Computing platform 400 further may include an external interface 414. External interface 414 may comprise one or more controllers and/or adapters to prove interface functions between multiple I/O devices 412. For example, external interface 414 may comprise a serial port, parallel port, universal serial bus (USB) port, and IEEE 1394 serial bus port, infrared port, network adapter, printer adapter, radio-frequency (RF) communications adapter, universal asynchronous receiver-transmitter (UART) port, and/or the like, to interface between corresponding I/O devices 412. External interface 414 for an embodiment may comprise a network controller capable of providing an interface, directly or indirectly, to a network, such as, for example, the Internet.
It will, of course, be understood that, although particular embodiments have just been described, the claimed subject matter is not limited in scope to a particular embodiment or implementation. For example, one embodiment may be in hardware, such as implemented to operate on a device or combination of devices, for example, whereas another embodiment may be in software. Likewise, an embodiment may be implemented in firmware, or as any combination of hardware, software, and/or firmware, for example. Likewise, although claimed subject matter is not limited in scope in this respect, one embodiment may comprise one or more articles, such as a storage medium or storage media. This storage media, such as, one or more CD-ROMs and/or disks, for example, may have stored thereon instructions, that if executed by a system, such as a computer system, computing platform, or other system, for example, may result in an embodiment of a method in accordance with claimed subject matter being executed, such as one of the embodiments previously described, for example.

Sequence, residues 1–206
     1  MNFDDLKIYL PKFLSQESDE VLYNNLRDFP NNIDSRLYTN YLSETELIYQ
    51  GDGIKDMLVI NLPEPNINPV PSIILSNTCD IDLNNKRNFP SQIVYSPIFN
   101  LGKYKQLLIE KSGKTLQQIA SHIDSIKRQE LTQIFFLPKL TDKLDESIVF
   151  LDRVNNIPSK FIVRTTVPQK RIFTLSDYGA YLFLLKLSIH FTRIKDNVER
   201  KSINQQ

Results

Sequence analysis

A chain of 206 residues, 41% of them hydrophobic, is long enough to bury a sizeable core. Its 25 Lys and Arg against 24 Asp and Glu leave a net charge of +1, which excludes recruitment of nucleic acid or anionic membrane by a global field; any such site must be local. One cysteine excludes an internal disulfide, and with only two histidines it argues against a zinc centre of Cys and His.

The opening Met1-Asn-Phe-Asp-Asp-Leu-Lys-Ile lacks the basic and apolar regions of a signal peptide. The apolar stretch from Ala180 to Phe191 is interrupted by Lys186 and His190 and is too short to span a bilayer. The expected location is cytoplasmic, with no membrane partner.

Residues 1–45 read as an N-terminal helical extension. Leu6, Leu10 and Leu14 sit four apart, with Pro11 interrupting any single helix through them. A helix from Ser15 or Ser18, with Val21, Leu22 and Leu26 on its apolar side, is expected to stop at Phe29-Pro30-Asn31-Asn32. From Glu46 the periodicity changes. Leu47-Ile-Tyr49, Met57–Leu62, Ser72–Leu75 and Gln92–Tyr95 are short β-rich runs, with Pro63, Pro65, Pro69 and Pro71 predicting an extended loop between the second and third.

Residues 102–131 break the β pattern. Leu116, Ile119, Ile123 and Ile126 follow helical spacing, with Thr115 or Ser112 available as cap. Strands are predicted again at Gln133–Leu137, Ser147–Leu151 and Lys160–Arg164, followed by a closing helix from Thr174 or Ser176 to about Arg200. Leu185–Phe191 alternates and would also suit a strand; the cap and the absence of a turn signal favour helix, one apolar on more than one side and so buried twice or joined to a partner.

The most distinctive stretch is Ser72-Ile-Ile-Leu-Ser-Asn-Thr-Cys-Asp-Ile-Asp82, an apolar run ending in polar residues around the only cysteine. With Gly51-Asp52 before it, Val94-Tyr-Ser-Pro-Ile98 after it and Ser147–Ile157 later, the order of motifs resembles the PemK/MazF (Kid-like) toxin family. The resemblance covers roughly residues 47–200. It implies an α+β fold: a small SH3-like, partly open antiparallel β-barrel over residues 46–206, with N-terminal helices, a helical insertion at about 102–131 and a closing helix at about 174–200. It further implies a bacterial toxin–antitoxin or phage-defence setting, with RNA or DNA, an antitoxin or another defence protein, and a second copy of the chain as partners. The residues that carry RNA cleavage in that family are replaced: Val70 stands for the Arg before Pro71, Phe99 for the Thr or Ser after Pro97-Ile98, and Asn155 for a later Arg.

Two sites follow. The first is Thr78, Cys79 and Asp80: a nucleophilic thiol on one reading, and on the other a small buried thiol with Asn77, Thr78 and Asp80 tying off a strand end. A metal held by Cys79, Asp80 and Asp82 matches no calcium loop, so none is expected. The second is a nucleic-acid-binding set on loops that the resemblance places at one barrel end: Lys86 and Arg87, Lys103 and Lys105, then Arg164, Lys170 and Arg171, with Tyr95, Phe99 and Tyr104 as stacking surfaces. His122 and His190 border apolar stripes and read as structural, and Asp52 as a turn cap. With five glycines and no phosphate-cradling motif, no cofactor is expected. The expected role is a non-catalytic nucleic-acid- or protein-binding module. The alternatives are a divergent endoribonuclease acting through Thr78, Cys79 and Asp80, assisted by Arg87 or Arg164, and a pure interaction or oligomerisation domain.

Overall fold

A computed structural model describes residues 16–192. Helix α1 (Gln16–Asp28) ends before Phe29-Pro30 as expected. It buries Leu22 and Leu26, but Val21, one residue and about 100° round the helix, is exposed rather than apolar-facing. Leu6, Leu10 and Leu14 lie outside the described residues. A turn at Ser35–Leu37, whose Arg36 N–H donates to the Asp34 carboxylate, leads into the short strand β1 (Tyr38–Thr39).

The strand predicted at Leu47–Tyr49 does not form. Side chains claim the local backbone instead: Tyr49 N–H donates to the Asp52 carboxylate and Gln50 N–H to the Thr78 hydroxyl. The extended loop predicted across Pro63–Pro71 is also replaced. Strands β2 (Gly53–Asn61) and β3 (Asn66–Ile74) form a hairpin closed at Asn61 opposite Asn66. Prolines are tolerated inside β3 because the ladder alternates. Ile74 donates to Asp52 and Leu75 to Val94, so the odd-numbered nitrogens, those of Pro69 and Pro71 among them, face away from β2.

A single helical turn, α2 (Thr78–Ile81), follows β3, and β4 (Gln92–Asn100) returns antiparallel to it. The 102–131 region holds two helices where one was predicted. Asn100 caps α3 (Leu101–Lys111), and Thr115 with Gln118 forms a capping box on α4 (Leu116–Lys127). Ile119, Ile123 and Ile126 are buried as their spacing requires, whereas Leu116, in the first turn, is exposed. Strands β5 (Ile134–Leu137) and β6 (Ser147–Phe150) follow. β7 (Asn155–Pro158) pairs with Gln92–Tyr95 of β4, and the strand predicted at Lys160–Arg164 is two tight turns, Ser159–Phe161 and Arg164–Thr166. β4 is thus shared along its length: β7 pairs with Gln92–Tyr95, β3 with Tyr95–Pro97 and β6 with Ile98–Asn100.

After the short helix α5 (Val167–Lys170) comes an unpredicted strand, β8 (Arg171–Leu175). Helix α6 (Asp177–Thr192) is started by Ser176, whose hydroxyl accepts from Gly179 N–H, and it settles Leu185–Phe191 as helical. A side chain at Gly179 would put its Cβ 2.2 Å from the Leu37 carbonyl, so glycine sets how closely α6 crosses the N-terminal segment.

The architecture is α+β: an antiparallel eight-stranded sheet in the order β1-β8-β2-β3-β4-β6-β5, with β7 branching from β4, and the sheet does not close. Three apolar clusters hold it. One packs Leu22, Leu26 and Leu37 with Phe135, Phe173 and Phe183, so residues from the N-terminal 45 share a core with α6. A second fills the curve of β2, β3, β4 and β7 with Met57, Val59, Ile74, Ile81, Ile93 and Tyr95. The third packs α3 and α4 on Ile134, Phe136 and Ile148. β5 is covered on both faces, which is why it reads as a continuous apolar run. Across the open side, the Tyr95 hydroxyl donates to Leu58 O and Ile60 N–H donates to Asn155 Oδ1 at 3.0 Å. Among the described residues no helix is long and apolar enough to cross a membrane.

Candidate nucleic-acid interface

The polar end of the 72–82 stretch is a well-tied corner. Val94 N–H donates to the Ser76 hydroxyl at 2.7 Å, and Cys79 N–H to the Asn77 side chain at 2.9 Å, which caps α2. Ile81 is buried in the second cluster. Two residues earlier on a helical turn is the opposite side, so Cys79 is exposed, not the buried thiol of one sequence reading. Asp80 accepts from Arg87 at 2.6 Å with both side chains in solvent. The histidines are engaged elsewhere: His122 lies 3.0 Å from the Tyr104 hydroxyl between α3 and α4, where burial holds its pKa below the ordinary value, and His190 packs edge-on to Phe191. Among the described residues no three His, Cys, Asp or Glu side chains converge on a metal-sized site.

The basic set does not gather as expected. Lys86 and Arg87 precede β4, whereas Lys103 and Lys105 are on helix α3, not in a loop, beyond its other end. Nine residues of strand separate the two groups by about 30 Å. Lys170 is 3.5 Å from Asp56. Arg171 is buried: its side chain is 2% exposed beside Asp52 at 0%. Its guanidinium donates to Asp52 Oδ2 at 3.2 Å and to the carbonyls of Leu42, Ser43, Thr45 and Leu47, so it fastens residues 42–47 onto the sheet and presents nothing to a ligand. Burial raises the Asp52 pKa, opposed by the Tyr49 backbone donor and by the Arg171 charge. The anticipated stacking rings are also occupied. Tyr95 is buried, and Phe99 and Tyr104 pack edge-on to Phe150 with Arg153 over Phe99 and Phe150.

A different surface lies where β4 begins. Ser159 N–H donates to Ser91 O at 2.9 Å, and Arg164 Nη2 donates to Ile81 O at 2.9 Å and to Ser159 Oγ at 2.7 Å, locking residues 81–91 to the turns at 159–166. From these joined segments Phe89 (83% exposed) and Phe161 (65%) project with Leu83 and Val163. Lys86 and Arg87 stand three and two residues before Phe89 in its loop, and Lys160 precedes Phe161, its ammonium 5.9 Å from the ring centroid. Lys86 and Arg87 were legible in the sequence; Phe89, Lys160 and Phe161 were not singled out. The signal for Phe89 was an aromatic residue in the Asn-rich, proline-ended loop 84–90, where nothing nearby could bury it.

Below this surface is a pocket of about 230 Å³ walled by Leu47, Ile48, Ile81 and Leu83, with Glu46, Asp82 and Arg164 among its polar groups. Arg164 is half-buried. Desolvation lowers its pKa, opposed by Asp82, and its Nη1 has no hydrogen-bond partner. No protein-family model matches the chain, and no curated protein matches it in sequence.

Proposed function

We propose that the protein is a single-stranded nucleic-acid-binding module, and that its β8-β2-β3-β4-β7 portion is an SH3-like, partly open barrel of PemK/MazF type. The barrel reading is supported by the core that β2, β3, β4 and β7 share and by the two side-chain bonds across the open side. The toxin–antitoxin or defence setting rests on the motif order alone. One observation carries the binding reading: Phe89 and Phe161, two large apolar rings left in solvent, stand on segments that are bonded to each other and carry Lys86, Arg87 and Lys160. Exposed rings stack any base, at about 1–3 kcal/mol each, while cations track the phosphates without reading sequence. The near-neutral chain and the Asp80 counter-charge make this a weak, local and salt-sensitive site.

In the preceding description, various aspects of claimed subject matter have been described. For purposes of explanation, specific numbers, systems and/or configurations were set forth to provide a thorough understanding of claimed subject matter. However, it should be apparent to one skilled in the art having the benefit of this disclosure that claimed subject matter may be practiced without the specific details. In other instances, well-known features were omitted and/or simplified so as not to obscure claimed subject matter. While certain features have been illustrated and/or described herein, many modifications, substitutions, changes and/or equivalents will now occur to those skilled in the art. It is, therefore, to be understood that the appended claims are intended to cover all such modifications and/or changes as fall within the true spirit of claimed subject matter.
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|U.S. Classification||341/51, 341/87, 341/106, 341/107|
|Cooperative Classification||H03M7/3084, H03M7/46|
|European Classification||H03M7/30Z, H03M7/46|
|Feb 12, 2008||AS||Assignment|
Owner name: INTELLECTUAL VENTURES FUND 44 LLC,NEVADA
Free format text: ASSIGNMENT OF ASSIGNORS INTEREST;ASSIGNOR:MONRO, DONALD M.;REEL/FRAME:020495/0452
Effective date: 20071109
|Aug 28, 2012||FPAY||Fee payment|
Year of fee payment: 4